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40mM EDTA in (non-metallo)protease assay buffer


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#1 DRT

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Posted 05 March 2014 - 03:06 PM

Does anyone know the reason for the extremely high concentrations of EDTA in casein based protease assays for papain? The AOAC/FCC/ US & European Pharmacopeia all give 14g/L (example below). To me it looks like a decimal point typo that has been duplicated for decades but maybe it is something to do with interference from cystein.

 

Dissolve 3.55 g Na2HPO4 in 400 mL H2O in 500 mL volumetric flask. Add 7.0 g 2Na.2H2O.EDTA and 3.05 g cysteine.HCl.H2O. Adjust to pH 6.0 ± 0.1 with 1M HCl and dilute to volume with H2O. Prepare fresh daily.”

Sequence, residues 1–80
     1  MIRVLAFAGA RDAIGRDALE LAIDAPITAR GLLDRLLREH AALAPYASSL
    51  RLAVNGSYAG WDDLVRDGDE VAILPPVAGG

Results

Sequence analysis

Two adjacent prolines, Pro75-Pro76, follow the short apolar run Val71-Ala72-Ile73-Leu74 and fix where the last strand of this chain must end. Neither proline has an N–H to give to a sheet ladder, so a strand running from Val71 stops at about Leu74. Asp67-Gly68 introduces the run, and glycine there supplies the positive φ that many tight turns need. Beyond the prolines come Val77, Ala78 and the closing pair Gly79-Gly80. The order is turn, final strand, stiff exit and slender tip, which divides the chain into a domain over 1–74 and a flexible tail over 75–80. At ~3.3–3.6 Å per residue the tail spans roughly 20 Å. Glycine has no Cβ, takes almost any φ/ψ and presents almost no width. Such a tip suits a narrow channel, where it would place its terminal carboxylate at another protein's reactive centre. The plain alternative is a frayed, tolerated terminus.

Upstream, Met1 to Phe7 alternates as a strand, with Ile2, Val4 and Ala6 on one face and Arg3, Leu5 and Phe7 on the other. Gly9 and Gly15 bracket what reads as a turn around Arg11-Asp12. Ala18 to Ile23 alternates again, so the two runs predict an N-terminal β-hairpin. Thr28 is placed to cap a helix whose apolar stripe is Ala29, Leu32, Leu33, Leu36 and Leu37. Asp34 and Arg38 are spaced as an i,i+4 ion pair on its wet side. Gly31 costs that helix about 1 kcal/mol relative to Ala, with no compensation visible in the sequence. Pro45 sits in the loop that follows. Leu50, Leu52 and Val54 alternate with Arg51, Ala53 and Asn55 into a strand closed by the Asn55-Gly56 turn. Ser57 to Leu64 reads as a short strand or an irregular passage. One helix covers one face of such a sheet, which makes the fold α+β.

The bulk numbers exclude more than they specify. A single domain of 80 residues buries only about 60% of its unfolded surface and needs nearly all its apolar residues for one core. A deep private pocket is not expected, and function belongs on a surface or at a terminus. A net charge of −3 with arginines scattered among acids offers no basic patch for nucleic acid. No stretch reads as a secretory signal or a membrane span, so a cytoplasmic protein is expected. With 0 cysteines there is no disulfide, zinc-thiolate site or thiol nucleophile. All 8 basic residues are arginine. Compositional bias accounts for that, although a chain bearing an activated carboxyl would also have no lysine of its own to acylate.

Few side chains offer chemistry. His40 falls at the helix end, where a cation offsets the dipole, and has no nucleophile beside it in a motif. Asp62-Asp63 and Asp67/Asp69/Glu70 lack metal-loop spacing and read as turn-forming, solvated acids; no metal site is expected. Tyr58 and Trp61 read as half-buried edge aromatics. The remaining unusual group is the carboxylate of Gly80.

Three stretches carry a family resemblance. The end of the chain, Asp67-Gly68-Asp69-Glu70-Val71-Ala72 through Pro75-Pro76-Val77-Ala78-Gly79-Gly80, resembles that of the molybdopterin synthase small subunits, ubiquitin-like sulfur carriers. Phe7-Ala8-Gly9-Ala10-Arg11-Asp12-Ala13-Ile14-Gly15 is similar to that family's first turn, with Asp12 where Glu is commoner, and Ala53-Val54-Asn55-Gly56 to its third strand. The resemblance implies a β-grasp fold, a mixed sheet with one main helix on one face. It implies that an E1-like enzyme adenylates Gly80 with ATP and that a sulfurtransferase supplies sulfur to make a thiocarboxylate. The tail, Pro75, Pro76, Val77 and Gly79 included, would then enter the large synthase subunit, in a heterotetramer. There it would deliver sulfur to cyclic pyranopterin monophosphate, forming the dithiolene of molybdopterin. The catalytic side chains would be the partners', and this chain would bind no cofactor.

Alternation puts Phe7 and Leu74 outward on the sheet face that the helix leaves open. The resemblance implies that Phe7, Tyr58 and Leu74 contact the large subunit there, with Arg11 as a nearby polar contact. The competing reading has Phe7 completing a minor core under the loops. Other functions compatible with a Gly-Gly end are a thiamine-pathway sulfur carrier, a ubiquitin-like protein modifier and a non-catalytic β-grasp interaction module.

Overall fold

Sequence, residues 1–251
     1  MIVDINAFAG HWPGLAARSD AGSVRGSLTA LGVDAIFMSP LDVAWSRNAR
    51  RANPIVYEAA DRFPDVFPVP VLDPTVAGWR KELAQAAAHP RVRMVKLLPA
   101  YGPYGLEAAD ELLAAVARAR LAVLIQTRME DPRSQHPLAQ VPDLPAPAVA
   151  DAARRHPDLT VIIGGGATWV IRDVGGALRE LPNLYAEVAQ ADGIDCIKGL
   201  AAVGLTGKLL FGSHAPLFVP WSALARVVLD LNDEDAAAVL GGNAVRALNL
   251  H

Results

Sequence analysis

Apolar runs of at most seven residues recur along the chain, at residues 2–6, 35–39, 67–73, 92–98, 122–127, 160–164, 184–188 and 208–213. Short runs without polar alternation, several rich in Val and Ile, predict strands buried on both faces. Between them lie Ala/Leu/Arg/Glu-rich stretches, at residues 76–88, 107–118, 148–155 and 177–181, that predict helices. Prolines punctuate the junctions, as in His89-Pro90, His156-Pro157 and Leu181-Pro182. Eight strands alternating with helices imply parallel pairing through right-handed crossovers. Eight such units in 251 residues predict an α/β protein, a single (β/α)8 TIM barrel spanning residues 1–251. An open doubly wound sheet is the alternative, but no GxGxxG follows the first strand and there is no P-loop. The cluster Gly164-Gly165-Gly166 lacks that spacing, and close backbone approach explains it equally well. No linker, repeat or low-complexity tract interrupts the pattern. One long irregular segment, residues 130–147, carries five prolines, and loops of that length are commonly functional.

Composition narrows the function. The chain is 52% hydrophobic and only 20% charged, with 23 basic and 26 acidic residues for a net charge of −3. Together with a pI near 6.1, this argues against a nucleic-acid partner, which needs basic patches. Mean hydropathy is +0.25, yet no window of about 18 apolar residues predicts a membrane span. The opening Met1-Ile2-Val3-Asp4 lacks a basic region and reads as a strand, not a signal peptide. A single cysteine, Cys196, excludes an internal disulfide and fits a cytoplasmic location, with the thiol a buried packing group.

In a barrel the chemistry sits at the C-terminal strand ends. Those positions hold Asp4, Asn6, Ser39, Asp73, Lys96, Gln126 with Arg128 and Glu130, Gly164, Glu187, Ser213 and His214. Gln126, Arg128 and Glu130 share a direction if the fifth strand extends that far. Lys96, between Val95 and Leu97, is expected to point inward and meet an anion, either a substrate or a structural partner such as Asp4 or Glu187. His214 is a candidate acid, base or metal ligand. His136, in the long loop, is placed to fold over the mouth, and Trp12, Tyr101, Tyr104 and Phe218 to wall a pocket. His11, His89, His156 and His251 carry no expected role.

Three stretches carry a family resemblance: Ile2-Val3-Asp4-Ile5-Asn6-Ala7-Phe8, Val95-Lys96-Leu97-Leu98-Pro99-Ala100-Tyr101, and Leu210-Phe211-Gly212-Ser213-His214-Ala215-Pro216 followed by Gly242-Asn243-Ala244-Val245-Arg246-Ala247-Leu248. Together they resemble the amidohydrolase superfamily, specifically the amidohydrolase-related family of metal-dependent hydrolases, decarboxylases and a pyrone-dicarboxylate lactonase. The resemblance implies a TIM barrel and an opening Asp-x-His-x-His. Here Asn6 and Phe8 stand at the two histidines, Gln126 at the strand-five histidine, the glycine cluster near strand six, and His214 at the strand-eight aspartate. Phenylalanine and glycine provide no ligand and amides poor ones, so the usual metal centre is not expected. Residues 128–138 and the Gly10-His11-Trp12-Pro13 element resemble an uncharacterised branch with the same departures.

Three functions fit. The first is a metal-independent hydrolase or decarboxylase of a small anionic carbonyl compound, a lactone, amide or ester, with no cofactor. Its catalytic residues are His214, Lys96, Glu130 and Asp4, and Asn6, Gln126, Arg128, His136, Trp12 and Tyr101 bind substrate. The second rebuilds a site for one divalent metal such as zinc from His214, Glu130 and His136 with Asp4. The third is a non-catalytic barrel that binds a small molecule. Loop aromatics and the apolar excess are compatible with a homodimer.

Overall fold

#2 mdfenko

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Posted 06 March 2014 - 05:31 AM

this is just a guess (and probably wrong, but...), casein is highly phosphorylated and will bind metals. a high concentration of edta should keep metals away from the casein.

 

also, the original investigator may have been using poorly deionized (or not deionized) water.


Edited by mdfenko, 06 March 2014 - 05:33 AM.

talent does what it can
genius does what it must
i do what i get paid to do

#3 DRT

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Posted 06 March 2014 - 11:04 AM

Ahh yes. Thanks.

I think you are correct; it would compete for the Ca and stop the casein forming micelles.






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